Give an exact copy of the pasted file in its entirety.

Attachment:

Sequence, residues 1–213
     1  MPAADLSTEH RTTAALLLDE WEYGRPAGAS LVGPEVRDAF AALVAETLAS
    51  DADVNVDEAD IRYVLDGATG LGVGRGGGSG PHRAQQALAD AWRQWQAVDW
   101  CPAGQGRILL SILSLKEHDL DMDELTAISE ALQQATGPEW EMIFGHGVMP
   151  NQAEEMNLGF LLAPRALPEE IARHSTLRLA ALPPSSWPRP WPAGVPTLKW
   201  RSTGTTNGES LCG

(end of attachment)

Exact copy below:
Sequence, residues 1–213
     1  MPAADLSTEH RTTAALLLDE WEYGRPAGAS LVGPEVRDAF AALVAETLAS
    51  DADVNVDEAD IRYVLDGATG LGVGRGGGSG PHRAQQALAD AWRQWQAVDW
   101  CPAGQGRILL SILSLKEHDL DMDELTAISE ALQQATGPEW EMIFGHGVMP
   151  NQAEEMNLGF LLAPRALPEE IARHSTLRLA ALPPSSWPRP WPAGVPTLKW
   201  RSTGTTNGES LCG